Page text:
Republican leaders in Congress said Tuesday they may stretch out negotiations on raising the U.S. debt limit until July, when Washington will be close to defaulting on its obligations.
Senate Republican Leader Mitch McConnell and Eric Cantor, the No. 2 Republican in the House of Representatives, fired the opening shots in what is expected to be a bitter fight with the White House over increasing the U.S. borrowing limit to enable the country to keep paying its debts.
Prolonging negotiations past mid-May when Washington will hit its debt limit could give Republicans more leverage to secure big spending cuts, but it could worry investors as the country runs up against a possible default. The Republicans said they would act before that happened.
In a speech Wednesday, President Barack Obama will lay out his vision for reducing U.S. deficits to a manageable level through tax increases, spending cuts and changes to expensive healthcare programs for the poor and elderly.
Republicans plan to pass a rival plan in the House this week that would lower top tax rates, further slash domestic spending and eventually cut benefits in government-run health programs.
"Tax increases are unacceptable and a nonstarter," House Speaker John Boehner said in a statement. "We don't have deficits because Americans are taxed too little, we have deficits because Washington spends too much."
Both sides say their plans would eventually get the country's long-term debt under control and tame budget deficits that have hovered about 10 percent of GDP in recent years.
A separate effort taking shape in the Senate could provide a way out of partisan deadlock. A bipartisan "gang of six" senators hope to reach a deal based on a deficit-reduction plan outlined by a presidential commission last year, but they say they do not know when they will finish up their work.
"We are still having a meeting today and talking about trying to work out the remaining parts of the agenda," said Democratic Senator Dick Durbin, one of the group.
Experts warn the country could eventually face a Greek-style debt crisis, and the International Monetary Fund urged the United States Tuesday to outline credible measures to reduce deficits.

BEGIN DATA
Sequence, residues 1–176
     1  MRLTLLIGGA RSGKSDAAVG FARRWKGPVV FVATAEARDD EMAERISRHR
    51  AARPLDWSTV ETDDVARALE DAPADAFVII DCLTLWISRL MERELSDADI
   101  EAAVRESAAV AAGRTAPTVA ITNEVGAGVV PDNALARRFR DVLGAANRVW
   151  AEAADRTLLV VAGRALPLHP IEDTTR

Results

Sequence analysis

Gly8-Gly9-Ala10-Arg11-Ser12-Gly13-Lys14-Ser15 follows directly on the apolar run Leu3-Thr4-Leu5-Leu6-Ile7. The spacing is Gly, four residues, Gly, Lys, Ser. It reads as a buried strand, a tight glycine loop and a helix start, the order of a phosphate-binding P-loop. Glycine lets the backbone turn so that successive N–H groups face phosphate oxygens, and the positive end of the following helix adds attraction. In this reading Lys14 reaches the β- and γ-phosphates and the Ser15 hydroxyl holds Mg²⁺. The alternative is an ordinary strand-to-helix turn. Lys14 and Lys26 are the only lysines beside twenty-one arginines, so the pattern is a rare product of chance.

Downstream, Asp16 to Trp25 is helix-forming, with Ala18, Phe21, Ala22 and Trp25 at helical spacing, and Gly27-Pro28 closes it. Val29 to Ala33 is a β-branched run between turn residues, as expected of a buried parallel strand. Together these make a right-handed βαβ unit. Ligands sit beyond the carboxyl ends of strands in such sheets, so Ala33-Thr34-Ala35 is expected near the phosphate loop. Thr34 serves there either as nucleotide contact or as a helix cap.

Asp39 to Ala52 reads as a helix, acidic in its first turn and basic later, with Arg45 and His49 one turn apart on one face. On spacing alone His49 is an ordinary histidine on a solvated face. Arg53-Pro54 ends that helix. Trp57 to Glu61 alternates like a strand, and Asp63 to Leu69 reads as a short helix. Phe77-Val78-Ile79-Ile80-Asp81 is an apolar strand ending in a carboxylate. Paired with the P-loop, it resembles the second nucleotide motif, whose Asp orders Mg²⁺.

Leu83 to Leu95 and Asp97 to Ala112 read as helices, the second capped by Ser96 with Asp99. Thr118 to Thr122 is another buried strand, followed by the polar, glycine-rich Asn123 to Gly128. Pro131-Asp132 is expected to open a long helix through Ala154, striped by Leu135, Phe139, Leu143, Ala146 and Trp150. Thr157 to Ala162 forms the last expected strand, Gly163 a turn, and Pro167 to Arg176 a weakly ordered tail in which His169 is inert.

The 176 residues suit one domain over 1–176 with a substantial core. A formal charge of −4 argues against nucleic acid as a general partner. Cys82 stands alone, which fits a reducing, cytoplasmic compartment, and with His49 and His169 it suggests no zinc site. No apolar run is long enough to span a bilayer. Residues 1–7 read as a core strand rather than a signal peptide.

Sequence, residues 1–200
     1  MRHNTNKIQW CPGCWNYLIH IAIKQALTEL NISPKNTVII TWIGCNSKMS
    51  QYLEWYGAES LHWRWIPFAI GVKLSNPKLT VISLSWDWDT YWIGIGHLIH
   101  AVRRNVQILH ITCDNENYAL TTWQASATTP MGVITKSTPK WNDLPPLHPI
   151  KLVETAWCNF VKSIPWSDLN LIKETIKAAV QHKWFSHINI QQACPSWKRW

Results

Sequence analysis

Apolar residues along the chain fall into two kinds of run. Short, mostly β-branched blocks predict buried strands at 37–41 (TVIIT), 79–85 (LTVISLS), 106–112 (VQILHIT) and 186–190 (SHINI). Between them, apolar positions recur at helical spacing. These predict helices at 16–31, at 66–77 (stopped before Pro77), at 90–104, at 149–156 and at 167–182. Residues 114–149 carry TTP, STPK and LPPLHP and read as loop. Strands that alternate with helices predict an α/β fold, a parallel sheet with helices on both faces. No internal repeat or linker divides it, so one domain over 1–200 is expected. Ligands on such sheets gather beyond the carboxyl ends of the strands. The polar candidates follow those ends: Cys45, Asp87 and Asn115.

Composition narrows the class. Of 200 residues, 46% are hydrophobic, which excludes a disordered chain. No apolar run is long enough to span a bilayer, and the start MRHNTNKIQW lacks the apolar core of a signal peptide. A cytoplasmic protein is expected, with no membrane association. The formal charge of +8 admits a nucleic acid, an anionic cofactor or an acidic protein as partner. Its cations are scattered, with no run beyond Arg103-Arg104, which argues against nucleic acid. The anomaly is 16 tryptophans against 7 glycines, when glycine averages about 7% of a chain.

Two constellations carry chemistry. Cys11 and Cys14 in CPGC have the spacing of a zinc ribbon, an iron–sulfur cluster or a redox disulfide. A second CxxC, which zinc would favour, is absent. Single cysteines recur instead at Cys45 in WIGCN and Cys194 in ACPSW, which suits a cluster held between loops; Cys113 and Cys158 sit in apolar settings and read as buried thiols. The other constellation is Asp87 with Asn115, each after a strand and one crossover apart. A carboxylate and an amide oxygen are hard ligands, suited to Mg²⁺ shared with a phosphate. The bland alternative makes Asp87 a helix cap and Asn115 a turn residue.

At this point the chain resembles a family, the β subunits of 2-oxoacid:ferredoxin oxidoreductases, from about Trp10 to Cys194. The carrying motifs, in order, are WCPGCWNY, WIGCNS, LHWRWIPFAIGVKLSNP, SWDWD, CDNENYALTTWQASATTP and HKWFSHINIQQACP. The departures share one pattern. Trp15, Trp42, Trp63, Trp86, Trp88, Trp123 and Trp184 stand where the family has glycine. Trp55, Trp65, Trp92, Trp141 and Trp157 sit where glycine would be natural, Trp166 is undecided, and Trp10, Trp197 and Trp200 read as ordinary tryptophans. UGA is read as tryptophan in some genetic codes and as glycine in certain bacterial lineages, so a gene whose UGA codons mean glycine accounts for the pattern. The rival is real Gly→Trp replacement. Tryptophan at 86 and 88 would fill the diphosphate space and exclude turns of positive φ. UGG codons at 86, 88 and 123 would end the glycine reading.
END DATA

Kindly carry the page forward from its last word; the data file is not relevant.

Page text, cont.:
The government will run up against its current debt limit of $14.3 trillion by May 16, according to the Treasury Department. Without an increase, the country would default on its debt, roiling bond markets and pushing up interest rates for businesses and individuals.
The Treasury has said it can postpone the day of reckoning until July 8 by using a variety of measures.
VOTE WILL COME AFTER DEBT LIMIT REACHED
McConnell and Cantor said separately that Congress would hold a vote sometime between those two dates.
"We anticipate that this debt ceiling issue will come before us between Memorial Day (May 30) and the Fourth of July," McConnell said.
Cantor said: "Treasury if I'm not mistaken has put forth a notice which says there is a window within which we have to act in order to avoid the eventual default of this country on its debt. And I believe that that outside deadline is early July."
Republicans see the debt limit vote as an opportunity to win further spending cuts, and say they will not support an increase without them. All 47 Republicans in the Senate have signed on to a measure that would amend the Constitution to require a balanced budget.
Some analysts were skeptical of the Republican strategy.
"I think that's the wrong thing to do," said Lou Brien, a market strategist with DRW Trading Group in Chicago. "It risks the perception of default, and I think right now the market is thinking that there will be more adults than that, but we will see how that plays out."
Mary Miller, Treasury's assistant secretary for financial markets, said it would be "highly disruptive" if Congress did not raise the debt limit before the current ceiling was reached in mid-May.
Although the White House has pushed for a "clean" vote on the debt limit with no attached demands, it is unlikely to get its wish. Republicans control the House, and even a majority in the Democratic-controlled Senate may not back that approach.
"There's a lot of Democrats, including myself, who are not going to vote for, to raise the national debt ceiling unless there is something concrete, specific, real, tough done to guarantee that the debt itself will be reduced in the coming years," independent Senator Joseph Lieberman said.
Obama will meet Democratic and Republican lawmakers Wednesday before his speech at 1:30 p.m. at George Washington University in Washington.
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